How Reading Teaches Me A Lot About Self-Commitment

reading

Currently, I am reading ‘Thrawn Janet’, still by Robert Louis Stevenson. It has been taking me a few weeks for reading the short story which is just less than 20 pages. Worse, I don’t even really understand what I am reading about. It’s a triple embarrassment. I have never been this awful.

The hard thing about this short story is that the author, again and again, writes so many dialects in it. It also presents so many writing symbols, such as . Then, it writes the words exactly as they are uttered, like ‘likit’ for ‘like it’. I think they are all about the Scottish language. And you know what? I am so dizzy reading all about that. I really am.

As much as the author wishes to compose the story as original as it is, the method completely drives me insane. But I keep reading it despite the adversity. The experience has been torturing me in the past few weeks but I have kept doing it.

Why?

Because I want to be a damn responsible person. I have to complete what I start, no matter how miserable thing turns out to be. I never expected one of the author’s short stories would be this full of Scottish dialect, how would I know back then?

But deciding purchasing the collected short stories means I have to finish reading all works. I don’t want to put this book into the list of the unfinished novels in my book shelf. There have been some titles and I hope this book won’t be one of them. I am so sick with myself if I don’t keep my promise of reading books that I buy. I can get angry with myself because of that. I can feel so guilty to myself each time I don’t finish reading books.

After years reading books, I have learned how much I can value my self-commitment. In fact, you can measure the level of the self-commitment or train your own commitment through reading books, any kind of reading materials that you purchase then stick at it until the last page.

As a result, I can shamefully tell you that my self-commitment is fluctuating, but mostly I can keep my own words. There are amazing titles that I miss, including Middlemarch by George Eliot, Don Quixote by Miguel de Cervantes and Bleak House by Charles Dickens. Really, I don’t know how I can resume reading the titles. I did try continue reading them but gave it all up, partly because I wasn’t into the writing styles.

If I can give comparison my reading commitment level is 80% to 20%, the lesser percentage is for those partial reading trips. Still pretty good score but I need to work on and reduce the 20% into a lower point.

What about you guys? Do you feel ugly if you don’t finish reading the books you decide buying?

Thank you so much for providing the thumbnail.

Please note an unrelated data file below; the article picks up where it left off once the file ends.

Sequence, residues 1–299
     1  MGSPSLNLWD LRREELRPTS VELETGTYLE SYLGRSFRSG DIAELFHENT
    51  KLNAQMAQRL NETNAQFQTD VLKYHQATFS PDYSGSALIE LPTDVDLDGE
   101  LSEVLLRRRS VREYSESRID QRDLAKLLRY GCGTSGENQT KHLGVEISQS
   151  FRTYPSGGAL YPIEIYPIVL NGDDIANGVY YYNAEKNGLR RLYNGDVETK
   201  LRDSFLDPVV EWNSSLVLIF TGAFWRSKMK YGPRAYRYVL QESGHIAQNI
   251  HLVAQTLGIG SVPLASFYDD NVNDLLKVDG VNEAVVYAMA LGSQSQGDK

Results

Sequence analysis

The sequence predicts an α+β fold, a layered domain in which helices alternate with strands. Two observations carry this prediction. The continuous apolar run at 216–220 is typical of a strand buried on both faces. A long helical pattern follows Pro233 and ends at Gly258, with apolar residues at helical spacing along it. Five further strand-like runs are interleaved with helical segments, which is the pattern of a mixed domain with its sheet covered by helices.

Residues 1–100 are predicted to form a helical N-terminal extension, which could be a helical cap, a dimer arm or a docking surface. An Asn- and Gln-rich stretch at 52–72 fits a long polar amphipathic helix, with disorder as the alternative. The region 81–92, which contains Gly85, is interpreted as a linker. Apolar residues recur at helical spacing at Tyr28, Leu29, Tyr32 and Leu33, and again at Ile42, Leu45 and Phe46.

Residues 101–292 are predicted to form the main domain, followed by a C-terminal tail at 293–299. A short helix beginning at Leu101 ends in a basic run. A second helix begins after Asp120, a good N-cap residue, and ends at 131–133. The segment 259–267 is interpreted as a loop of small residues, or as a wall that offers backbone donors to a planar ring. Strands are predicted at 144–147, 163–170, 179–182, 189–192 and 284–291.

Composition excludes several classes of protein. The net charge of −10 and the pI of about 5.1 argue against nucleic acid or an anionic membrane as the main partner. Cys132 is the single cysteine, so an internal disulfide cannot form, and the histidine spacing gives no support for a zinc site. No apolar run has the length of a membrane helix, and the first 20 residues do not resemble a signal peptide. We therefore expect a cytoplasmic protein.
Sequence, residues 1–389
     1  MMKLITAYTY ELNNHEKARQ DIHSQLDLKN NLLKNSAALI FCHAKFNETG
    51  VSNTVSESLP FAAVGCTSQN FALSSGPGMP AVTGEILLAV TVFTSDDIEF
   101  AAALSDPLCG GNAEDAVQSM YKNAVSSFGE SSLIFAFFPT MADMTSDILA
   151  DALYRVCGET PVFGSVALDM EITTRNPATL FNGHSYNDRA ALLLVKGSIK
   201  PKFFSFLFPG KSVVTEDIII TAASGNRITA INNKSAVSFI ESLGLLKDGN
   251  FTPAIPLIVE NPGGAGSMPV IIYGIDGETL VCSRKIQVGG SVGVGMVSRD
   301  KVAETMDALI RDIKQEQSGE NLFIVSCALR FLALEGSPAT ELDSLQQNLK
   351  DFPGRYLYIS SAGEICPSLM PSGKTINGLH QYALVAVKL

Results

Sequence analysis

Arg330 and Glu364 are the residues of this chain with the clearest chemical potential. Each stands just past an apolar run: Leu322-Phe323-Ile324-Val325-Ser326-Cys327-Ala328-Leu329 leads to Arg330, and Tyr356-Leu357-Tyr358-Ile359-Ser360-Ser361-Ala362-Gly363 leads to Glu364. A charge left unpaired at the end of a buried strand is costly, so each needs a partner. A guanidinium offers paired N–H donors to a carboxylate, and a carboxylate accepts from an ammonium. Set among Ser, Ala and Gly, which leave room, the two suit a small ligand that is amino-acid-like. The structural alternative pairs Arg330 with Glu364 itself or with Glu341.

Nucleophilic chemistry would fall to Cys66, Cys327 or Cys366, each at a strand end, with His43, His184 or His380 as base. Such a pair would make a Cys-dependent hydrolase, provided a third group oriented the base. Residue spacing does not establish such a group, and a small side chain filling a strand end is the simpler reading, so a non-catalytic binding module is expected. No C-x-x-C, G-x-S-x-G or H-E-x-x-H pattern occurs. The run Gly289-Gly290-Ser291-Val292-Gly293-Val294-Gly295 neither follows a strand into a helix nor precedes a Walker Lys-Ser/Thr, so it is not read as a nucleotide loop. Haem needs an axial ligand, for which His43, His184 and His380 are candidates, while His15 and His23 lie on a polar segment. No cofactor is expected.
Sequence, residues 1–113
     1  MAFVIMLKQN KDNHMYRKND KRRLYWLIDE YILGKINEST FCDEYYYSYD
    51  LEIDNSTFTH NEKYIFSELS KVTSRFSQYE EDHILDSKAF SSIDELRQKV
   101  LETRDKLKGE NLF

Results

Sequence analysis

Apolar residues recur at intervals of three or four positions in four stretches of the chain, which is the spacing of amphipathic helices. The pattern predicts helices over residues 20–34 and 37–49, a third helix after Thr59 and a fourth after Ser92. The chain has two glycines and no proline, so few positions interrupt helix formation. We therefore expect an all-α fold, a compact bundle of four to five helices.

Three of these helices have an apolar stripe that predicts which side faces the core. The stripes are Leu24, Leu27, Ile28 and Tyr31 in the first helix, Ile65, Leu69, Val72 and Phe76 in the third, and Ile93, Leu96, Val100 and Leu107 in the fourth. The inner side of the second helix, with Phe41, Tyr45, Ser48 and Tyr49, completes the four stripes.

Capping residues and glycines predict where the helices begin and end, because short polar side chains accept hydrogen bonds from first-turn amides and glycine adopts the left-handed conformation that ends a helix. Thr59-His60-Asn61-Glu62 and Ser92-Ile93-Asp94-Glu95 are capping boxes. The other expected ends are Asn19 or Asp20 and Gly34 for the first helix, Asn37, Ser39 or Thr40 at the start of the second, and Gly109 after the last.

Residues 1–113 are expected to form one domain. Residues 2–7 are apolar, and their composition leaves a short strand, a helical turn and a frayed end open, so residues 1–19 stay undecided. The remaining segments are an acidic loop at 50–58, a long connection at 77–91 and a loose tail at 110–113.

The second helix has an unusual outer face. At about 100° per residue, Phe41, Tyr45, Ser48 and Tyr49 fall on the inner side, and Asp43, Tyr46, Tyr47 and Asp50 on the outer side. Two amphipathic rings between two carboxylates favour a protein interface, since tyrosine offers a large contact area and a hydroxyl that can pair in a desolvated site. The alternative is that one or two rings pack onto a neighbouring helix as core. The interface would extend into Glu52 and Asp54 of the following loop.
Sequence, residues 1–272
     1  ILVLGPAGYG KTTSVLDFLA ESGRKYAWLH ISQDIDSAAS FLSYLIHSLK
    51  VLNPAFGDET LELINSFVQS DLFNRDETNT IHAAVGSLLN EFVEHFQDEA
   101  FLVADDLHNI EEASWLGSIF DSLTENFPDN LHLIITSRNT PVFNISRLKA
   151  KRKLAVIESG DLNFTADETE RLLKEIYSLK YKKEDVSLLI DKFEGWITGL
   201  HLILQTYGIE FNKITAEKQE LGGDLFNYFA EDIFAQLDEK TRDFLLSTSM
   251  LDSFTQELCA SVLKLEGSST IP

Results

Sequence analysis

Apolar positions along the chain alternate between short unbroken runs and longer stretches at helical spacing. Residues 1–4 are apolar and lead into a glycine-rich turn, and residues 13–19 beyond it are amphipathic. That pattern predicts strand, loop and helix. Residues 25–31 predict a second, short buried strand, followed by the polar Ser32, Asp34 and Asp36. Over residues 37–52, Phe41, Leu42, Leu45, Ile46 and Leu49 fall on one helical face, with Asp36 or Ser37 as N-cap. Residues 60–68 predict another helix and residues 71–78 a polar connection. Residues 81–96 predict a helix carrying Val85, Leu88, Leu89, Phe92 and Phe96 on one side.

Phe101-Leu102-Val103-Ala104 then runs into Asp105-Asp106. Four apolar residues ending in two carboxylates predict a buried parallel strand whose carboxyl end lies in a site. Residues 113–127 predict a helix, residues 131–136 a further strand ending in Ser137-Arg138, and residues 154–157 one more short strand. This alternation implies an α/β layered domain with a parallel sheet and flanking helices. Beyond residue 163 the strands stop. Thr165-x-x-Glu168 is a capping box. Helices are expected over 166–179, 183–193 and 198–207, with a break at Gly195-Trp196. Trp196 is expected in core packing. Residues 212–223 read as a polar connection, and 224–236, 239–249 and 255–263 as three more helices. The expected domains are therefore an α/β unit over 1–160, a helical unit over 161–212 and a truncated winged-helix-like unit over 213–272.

The hard life of a distinctive reader

Last Sunday, I and my best friend, who is also a bookworm, headed to my favorite bookstore. The bookstore was located in an upscale shopping mall in the heart of Jakarta. The mall is such a high class one that I go to the place because of the bookstore and its food court. Only the products at the two chains that are affordable for my pocket, LOL! Others are luxurious materials, too expensive for me.

My pal was coming back home bringing two novels, one of which was my recommendation; ‘Wuthering Heights’. I was happy she purchased the book. I told her the novel was by far the best novel that had ever been written. She trusted me.

She seemed joyful but I was not.

The bookstore is the only place in Jakarta where I usually find my treasures (best classics I have always been looking for). While I found it amazing the bookstore was still flocked by visitors since reading habit in Indonesia is saddening, particularly for imported books, I was disappointed that it didn’t provide various book titles from the Victorian Era that Sunday. It was displaying famous novels, the ones that had been reproduced into a lot of versions, such as Jane Austen’s popular books and those of Charles Dickens.

If not the popular titles, the bookstore sells overlooked short stories, which are not my thing. I prefer novels anyway.

I was sad because no more titles by Thomas Hardy other than those I had read; ‘Jude the Obscure’, ‘Far from The Madding Crowd’, and so on. I was hoping his lesser-known books were there, like ‘Two on A Tower’ or ‘Under the Greenwood Tree’ yet they weren’t.

I have been longing for reading those unpopular novels by Hardy for quite so long. And I was not really surprised that I didn’t get what I wanted that day. The trouble being a classic reader like I in Indonesia is that I always feel like an anomaly.

Either my fellow bookworms are lovers of novels in Bahasa Indonesia or most of my pals are not avid readers, I always find it difficult whenever I want to read novels by my favorite authors. I can buy them online but for a conventional reader like I, coming to a good bookstore then looking for titles that I like is such a bliss. Looking at the many titles, admiring the books’ covers then feeling my eyes sparkle whenever I find books that I want to buy or new titles suddenly capture my eyes..

You can call overly dramatic but I always love going to a bookstore. It feels like I am about to have an adventure.

I almost bought ‘Sylvia’s Lovers’ by Elizabeth Gaskell that day but I cancelled it because it was too pricey. Sadly, there was only one book at the shelf, which made me even more sober. I also almost purchased ‘Jane Eyre’ but the faces of Mia Wasikowska and Micheal Fassbender really disrupted my intention. The thought they were on a screen for a movie adaptation of ‘Jane Eyre’ was not my favorite.

I went home empty-handed. I preferred not reading books that didn’t completely fit my interests to being forced enjoying novels that were so-so. If you guys living in countries where reading is very common you guys are so lucky because in Indonesia, reading habit is quite alarming.